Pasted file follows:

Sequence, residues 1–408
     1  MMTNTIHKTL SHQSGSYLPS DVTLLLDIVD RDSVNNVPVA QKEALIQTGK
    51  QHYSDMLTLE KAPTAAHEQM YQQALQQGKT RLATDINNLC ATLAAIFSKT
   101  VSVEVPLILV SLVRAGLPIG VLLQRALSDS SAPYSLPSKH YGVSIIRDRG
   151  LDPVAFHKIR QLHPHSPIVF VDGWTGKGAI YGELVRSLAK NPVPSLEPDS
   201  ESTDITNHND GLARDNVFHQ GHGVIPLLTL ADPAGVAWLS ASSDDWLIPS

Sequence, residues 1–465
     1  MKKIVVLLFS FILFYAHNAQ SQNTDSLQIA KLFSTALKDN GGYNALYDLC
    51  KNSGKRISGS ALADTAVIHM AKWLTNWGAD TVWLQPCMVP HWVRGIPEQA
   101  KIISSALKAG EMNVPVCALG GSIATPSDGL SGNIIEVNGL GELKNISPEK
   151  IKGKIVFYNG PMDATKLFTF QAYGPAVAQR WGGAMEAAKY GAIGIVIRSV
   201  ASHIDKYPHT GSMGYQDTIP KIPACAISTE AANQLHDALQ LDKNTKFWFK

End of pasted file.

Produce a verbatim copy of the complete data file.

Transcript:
Sequence, residues 1–408
     1  MMTNTIHKTL SHQSGSYLPS DVTLLLDIVD RDSVNNVPVA QKEALIQTGK
    51  QHYSDMLTLE KAPTAAHEQM YQQALQQGKT RLATDINNLC ATLAAIFSKT
   101  VSVEVPLILV SLVRAGLPIG VLLQRALSDS SAPYSLPSKH YGVSIIRDRG
   151  LDPVAFHKIR QLHPHSPIVF VDGWTGKGAI YGELVRSLAK NPVPSLEPDS
   201  ESTDITNHND GLARDNVFHQ GHGVIPLLTL ADPAGVAWLS ASSDDWLIPS

Sequence, residues 1–465
     1  MKKIVVLLFS FILFYAHNAQ SQNTDSLQIA KLFSTALKDN GGYNALYDLC
    51  KNSGKRISGS ALADTAVIHM AKWLTNWGAD TVWLQPCMVP HWVRGIPEQA
   101  KIISSALKAG EMNVPVCALG GSIATPSDGL SGNIIEVNGL GELKNISPEK
   151  IKGKIVFYNG PMDATKLFTF QAYGPAVAQR WGGAMEAAKY GAIGIVIRSV
   201  ASHIDKYPHT GSMGYQDTIP KIPACAISTE AANQLHDALQ LDKNTKFWFK